Sunday, January 5, 2014

Mike Carey Interview, Part One ("Genuinely Chilling And Numinous")

Lobster & Canary starts 2014 with a special treat: a two-part interview with Mike Carey.    I had the honor of meeting Mike when he was the keynoter and Guest of Honor at the 2011 Toronto SpecFic Colloquium.  You can read more about Mike here, here and here.  The second half of the interview will run in next Sunday's edition.

Question One:    Many writers are famously lone wolves, but you collaborate with many others, often over many years (thinking of, for instance, your long-standing partnership with Peter Gross, and your work with Linda Carey & Louise Carey).  What makes collaboration work in your experience, when is it the optimal way forward and when not?  

Carey:  I think the enormous blessing that comes with collaboration is that it inevitably pulls you away from your own centre of gravity as a writer. When you’re working in a single genre area and writing a lot of different works that share the same DNA, it’s very easy to plagiarise yourself without even meaning to. You just mine the same seam of inspiration repeatedly, and your work converges on a single flavour or feel.

But when you collaborate, you’ve immediately got somebody else’s comfort zone to accommodate yourself to. A lot of things have to be done by negotiation – which means they take a terrifyingly long time – but you come out in a different place. You find yourself trying out different things and taking chances that you wouldn’t normally take. I don’t think I could have written The Girl With All the Gifts without having done the two collaborations with Lin and Lou first.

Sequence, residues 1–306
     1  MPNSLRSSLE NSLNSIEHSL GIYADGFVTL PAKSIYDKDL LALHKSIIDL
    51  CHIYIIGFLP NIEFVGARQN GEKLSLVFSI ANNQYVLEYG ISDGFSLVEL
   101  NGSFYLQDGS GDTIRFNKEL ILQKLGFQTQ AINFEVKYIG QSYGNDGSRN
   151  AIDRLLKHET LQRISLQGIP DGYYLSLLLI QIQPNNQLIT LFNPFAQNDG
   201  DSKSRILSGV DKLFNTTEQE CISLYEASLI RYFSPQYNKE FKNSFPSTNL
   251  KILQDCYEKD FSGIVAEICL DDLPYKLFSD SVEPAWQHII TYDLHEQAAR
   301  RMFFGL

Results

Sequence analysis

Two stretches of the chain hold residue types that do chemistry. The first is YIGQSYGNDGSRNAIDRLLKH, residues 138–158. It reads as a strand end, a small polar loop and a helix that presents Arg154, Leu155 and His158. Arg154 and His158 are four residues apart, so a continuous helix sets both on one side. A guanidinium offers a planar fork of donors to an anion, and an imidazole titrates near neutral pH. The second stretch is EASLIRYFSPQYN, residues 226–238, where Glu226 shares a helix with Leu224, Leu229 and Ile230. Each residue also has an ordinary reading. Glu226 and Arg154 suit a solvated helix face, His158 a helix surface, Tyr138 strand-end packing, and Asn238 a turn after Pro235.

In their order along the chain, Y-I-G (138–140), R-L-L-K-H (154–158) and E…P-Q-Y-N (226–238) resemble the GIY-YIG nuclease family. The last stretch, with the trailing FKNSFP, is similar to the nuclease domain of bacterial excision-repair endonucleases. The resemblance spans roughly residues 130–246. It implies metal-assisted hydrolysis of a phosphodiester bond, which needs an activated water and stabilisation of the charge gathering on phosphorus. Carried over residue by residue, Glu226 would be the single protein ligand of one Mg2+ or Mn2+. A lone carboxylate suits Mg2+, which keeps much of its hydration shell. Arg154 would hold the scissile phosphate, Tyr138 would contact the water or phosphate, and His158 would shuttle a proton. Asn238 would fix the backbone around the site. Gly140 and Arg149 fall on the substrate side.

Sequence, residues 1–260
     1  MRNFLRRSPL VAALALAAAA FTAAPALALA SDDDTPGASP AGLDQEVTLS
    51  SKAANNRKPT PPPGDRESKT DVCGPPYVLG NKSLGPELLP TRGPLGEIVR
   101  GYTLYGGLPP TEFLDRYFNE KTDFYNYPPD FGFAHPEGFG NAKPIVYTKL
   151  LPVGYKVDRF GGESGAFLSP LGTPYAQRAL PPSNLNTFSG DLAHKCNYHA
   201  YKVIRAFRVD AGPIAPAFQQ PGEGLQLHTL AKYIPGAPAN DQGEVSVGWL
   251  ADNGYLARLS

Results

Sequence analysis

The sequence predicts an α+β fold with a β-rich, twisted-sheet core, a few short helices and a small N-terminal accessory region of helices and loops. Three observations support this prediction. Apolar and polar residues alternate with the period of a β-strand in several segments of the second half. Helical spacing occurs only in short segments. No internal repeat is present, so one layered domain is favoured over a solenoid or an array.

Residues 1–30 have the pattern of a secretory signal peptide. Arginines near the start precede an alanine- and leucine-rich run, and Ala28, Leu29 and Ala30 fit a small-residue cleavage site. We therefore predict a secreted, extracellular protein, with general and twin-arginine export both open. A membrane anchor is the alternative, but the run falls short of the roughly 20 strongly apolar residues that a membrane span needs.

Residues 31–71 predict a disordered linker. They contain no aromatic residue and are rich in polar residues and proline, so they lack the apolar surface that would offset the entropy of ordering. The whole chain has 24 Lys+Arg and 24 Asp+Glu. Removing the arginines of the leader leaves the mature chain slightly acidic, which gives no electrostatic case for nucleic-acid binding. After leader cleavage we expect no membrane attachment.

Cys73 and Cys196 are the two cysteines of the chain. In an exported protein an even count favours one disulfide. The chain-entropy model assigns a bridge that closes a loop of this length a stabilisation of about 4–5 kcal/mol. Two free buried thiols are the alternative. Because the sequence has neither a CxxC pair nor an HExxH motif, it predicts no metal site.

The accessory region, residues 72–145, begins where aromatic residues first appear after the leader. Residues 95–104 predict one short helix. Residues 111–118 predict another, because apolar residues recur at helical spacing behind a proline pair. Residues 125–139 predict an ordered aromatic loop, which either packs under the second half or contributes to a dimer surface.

But notwithstanding all that, I’d say collaboration only works – and is only worth the trouble – when it’s a real meeting of minds. I was working on a comic book series a few years ago where I was essentially co-writing. But because of other commitments, I was having to let the other writer do all the conceptual heavy lifting. It was a pretty bleak experience for both of us, and I think it would have come out better if I hadn’t been involved at all.

Comics, of course, are always a collaboration, which is one of the reasons why they’re such a wonderful school for learning the craft of writing. You get a lot of rough edges knocked off you very quickly, because you get exposed to a lot of different people’s ideas of good practice.

Question Two:  You are also more versatile than many writers, working in media ranging from comic books to novels, and including screenplays and less-definable forms.  How do you select the medium (or does it select you) for a given project?  What remains the same within your craft, what differs as you tell stories across various platforms? 

Carey:  Wow. That’s a tough question to answer – or at least, to answer without falling into tautology. Because on one level, what remains the same is you – your perception and your take on the story. If you’re doing the job right, everything else should be up for grabs. The last thing in the world you want to do is to come up with a scene-for-scene faithful translation of the story from one medium into another.